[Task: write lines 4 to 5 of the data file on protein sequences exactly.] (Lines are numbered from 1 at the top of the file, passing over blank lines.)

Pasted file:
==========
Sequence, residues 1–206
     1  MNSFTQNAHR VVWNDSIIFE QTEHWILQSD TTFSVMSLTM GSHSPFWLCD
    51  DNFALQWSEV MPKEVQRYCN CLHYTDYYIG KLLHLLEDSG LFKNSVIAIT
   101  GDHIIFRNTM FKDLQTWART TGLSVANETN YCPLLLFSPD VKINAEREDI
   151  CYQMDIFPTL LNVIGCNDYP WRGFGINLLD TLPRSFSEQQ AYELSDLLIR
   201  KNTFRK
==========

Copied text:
   101  GDHIIFRNTM FKDLQTWART TGLSVANETN YCPLLLFSPD VKINAEREDI
   151  CYQMDIFPTL LNVIGCNDYP WRGFGINLLD TLPRSFSEQQ AYELSDLLIR